How Do You Prepare Yourself, Mentally and Emotionally, for an Evaluation by Elected Officials?

Receiving a Performance Evaluation Can Be Uncomfortable

ARTICLE | Apr 27, 2018

By Michelle Greene

Receiving a performance evaluation from elected officials can feel uncomfortable for some, especially the first time. It is, however, an important part of the council-manager relationship and should serve as a useful tool for both the manager and the elected officials.

Ideally, if the manager is doing a good job communicating with councilmembers throughout the year and has established strong working relationships with them, there should be no surprises in their comments. But even the most seasoned manager can feel uneasy when evaluation time rolls around.

A key part of any performance review is the self-evaluation. It's an opportunity to tell your story from your unique position and perspective. To prepare myself mentally for an evaluation, I like to look back at what the organization has accomplished over the prior year, so I can communicate the successes and strengths of our team to the council within the self-evaluation.

I also carefully review the goals the council has adopted for me, and I prepare an update for them on my progress in accomplishing those goals. Taking these steps helps me feel a sense of accomplishment, makes me feel proud of the team of professionals that I lead, and helps me mentally prepare for the assessment of my performance.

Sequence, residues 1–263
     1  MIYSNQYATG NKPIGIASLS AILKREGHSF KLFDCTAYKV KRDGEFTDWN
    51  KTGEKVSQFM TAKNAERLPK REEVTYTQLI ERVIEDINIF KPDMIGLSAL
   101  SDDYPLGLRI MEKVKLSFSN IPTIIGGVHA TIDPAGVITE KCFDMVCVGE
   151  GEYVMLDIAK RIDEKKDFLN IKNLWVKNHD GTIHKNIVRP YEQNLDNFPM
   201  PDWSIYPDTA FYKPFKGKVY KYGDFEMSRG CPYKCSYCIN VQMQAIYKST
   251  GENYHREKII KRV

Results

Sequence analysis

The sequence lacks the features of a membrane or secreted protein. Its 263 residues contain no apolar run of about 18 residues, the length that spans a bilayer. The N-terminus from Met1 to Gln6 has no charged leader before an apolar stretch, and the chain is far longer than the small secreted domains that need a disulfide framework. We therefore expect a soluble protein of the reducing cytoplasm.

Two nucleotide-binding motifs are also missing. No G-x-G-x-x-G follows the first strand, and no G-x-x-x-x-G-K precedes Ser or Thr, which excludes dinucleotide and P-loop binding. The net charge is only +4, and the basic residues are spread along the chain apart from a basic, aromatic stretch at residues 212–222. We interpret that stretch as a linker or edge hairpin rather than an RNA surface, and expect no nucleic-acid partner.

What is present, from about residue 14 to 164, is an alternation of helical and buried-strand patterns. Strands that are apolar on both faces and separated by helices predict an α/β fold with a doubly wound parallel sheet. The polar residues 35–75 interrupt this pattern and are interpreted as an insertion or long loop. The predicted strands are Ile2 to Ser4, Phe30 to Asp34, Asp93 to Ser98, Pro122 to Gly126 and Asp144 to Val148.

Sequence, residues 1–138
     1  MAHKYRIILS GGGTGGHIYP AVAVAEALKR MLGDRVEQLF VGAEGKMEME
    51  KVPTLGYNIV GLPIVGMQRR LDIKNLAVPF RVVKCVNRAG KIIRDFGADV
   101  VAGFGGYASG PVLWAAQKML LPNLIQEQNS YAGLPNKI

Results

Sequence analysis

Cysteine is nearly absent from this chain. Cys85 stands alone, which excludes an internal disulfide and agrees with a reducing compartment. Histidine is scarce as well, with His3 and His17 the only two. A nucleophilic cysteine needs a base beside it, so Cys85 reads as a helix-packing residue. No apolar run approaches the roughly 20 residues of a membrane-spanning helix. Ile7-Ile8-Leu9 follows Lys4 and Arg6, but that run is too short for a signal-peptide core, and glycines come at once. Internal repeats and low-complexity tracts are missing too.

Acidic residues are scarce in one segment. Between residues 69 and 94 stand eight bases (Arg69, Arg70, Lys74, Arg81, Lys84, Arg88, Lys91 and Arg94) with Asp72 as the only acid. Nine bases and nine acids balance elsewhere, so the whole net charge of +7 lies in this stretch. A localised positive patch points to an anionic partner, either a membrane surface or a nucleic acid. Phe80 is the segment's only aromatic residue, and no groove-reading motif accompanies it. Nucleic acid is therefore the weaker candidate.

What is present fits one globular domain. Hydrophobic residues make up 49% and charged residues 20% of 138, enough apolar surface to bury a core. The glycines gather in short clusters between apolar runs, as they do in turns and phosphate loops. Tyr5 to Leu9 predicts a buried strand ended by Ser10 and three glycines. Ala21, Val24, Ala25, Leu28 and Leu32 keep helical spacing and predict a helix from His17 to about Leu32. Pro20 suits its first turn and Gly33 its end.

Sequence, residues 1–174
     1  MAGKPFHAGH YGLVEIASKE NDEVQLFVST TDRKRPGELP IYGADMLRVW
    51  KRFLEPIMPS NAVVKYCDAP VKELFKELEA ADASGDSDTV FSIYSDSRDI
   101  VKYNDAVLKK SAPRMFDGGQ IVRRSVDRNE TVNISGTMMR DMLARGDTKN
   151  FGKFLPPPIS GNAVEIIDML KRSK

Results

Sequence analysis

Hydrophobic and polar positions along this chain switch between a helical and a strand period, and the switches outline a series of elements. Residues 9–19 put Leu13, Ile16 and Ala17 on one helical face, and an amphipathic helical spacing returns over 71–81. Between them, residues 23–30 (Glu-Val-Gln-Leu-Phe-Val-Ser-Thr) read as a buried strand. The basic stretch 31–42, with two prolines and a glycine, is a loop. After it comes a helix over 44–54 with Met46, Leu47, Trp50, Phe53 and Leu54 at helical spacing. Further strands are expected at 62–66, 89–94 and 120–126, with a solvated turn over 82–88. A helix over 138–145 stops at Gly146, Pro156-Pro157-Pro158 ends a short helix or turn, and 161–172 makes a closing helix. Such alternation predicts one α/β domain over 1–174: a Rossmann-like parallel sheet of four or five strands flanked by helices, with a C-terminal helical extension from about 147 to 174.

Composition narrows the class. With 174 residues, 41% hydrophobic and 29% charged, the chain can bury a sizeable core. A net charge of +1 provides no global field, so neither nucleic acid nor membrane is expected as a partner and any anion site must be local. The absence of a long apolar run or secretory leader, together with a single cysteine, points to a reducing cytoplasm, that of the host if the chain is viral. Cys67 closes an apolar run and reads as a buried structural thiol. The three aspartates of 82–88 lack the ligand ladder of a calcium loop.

Even with ample preparation, it can still feel uncomfortable to face the viewpoints of my performance from five bosses. I prepare emotionally by reminding myself that I work hard to maintain the good relationships I have built with councilmembers, and that I do my best to communicate both the good and the bad news to them on an ongoing basis.

Through this transparency, I build trust with the elected officials and demonstrate to them that I am working diligently to keep them informed and support them in their roles. Developing this type of partnership is time-consuming, but it is key to a manager's success.

Knowing that I work hard to maintain those partnerships helps quell the discomfort I have going into the performance evaluation process.

Michelle Greene is city manager, Goleta, California (mgreene@cityofgoleta.org).

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